Enigmatic places of the Way of Saint James: Santa María de EunatesteemCreated with Sketch.

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'The first surprise that this construction reserves us, if we observe its plant, is the fact that the octagon that governs it is not perfect. When we enter and see the ribs of its vault we can verify it. However, one has the feeling that this irregular octagon was drawn like that, imperfectly, for a very specific reason. Could it be that the extension of the line from the center to each of the angles can lead us, following a straight line, to the location of other sacred magical places frequented, sought and required by the Order of the Temple ?. Indeed, if we extend on a map these directions so clearly indicated by the structure of Eunate we will go to San Miguel in Excelsis, the mount of the Temple of Castro Urdiales, to San Bartolomé de Ucero, to Tomar, Ágreda, to Lourdes, to Miravet, to Toledo ... '(1).
Whether or not the theory of Atienza, both the hermitage of Santa María de Eunate, and the twin cover that is also located in the vicinity of Valdizarbe Valley, specifically in the church of San Miguel de Olcoz, continue to be completely open to all elements type of hypothesis and speculations.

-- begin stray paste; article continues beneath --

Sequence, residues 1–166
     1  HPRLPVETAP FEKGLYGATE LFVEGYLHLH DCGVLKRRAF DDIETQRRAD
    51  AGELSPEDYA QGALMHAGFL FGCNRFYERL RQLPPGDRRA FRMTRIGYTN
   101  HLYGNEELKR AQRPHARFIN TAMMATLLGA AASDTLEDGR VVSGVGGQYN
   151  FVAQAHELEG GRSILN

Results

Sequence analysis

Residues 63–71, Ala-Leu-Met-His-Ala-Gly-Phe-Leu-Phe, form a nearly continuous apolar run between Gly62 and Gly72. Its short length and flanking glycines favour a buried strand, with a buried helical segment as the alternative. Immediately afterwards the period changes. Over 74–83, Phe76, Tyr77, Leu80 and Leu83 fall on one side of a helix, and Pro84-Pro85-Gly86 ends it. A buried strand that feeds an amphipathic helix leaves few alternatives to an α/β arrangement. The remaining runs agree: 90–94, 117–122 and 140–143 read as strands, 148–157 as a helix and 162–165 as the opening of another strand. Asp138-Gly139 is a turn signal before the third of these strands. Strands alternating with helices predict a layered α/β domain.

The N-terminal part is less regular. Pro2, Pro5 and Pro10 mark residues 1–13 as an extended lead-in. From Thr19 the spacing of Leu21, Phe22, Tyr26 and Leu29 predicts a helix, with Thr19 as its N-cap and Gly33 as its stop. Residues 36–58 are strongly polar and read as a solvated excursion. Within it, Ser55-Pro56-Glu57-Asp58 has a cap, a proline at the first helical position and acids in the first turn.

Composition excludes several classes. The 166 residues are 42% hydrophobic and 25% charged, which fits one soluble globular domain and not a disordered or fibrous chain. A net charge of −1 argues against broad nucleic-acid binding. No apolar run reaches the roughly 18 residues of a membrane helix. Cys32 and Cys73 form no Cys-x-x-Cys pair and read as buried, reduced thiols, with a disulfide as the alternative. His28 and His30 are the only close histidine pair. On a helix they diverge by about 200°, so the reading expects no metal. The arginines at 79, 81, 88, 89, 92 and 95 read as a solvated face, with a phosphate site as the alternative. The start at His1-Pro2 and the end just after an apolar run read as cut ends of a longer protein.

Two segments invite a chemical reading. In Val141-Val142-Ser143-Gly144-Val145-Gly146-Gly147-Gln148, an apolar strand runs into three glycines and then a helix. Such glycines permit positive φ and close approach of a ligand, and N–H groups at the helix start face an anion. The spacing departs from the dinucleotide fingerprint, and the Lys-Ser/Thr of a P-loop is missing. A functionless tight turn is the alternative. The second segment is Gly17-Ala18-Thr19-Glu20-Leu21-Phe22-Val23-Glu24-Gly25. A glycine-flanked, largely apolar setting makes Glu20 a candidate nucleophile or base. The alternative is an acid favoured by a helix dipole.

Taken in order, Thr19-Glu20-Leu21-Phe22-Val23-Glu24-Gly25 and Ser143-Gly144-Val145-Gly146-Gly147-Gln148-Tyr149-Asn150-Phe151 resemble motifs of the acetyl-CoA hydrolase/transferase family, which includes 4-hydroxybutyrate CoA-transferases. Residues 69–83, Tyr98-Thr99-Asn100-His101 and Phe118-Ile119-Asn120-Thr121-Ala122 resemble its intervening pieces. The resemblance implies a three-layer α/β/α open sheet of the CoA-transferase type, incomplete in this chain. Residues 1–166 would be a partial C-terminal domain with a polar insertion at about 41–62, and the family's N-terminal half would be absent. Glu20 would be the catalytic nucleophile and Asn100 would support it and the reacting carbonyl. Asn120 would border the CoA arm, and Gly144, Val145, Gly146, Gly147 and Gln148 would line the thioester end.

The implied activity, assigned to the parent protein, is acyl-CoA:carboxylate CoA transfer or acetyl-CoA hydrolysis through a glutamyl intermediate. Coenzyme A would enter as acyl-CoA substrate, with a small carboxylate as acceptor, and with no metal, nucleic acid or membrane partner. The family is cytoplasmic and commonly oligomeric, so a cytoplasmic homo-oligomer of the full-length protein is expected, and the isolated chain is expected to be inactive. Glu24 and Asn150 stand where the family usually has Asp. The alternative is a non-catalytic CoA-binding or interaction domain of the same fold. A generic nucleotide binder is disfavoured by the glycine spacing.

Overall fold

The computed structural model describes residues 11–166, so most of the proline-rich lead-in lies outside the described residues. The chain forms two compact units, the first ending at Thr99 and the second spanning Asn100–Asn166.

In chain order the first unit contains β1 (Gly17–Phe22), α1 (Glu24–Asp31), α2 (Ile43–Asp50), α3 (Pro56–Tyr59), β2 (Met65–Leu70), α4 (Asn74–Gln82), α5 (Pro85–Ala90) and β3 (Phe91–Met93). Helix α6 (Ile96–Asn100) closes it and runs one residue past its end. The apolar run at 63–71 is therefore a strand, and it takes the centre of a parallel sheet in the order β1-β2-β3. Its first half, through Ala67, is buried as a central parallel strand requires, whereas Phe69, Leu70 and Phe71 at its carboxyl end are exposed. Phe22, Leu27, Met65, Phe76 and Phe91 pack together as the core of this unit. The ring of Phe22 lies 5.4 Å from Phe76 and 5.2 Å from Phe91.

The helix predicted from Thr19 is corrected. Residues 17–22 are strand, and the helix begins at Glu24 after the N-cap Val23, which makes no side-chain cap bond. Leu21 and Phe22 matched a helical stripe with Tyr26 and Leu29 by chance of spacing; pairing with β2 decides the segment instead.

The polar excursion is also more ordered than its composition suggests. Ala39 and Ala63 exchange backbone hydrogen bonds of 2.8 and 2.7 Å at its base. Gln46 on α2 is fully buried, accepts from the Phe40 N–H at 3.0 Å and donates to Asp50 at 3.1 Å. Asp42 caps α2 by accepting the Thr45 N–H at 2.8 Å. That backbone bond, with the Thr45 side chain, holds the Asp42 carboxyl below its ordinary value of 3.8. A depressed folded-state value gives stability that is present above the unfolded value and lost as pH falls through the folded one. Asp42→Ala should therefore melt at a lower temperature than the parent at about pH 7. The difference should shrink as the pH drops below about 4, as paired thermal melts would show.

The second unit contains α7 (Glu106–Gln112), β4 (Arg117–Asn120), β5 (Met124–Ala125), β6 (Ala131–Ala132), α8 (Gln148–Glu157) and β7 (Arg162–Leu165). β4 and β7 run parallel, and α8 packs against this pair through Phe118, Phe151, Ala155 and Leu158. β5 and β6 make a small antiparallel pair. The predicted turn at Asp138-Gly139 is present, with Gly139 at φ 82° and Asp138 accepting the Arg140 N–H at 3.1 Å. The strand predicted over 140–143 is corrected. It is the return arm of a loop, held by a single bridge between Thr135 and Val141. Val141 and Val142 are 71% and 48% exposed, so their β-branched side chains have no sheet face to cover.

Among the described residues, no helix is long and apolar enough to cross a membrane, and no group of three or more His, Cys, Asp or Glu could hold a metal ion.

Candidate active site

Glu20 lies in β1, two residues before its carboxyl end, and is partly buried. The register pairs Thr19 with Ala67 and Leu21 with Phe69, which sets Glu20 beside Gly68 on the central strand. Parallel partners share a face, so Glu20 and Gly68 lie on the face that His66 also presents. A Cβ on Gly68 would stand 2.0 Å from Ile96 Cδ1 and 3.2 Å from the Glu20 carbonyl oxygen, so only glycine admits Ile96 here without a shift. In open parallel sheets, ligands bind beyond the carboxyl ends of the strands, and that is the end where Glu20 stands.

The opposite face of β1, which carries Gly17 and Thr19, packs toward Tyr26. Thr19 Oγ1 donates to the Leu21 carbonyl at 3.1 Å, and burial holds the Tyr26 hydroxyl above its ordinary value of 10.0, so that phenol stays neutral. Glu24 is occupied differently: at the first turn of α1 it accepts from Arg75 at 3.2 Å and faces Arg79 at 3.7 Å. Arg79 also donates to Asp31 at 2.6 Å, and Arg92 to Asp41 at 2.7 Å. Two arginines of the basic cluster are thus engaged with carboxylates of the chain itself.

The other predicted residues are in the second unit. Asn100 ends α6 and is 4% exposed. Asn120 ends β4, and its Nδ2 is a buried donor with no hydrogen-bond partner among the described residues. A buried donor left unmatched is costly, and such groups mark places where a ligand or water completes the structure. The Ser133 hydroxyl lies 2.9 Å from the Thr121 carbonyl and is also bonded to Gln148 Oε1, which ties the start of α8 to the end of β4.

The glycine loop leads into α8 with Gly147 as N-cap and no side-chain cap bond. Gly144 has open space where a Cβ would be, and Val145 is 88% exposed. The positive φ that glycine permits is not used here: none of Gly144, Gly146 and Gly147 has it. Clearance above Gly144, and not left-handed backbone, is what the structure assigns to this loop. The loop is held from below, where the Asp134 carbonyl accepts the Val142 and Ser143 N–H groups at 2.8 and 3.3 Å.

Although Atienza did not seem to doubt the Templar authorship of the hermitage of Santa María de Eunate, this, precisely, continues to be one of the enigmas that generates the most controversy; to the point that there are many historians and researchers who tend to point to the order of the Holy Sepulcher as the true architects of what is clearly an authentic jewel of the peninsular Romanesque.
Its octagonal plant -not perfect, as Atienza aptly points out- is another of the factors of confrontation, above all when accepting or rejecting the hypothetical theory of the Templar model of architecture. Interestingly, this same controversy is found in the small village of Torres del Río and its church of the Holy Sepulcher, located on the border of the provinces of Navarra and Logroño.
And yet, the statements of Fernando Arroyo Durán (2) are of great interest, in relation to the close ties that united both orders -Santo Sepulcro and Orden del Temple- at least in the time of his first Grand Master: Hughes de Payns , emphasizing the detail that in those enigmatic beginnings, it is difficult to differentiate one from the other.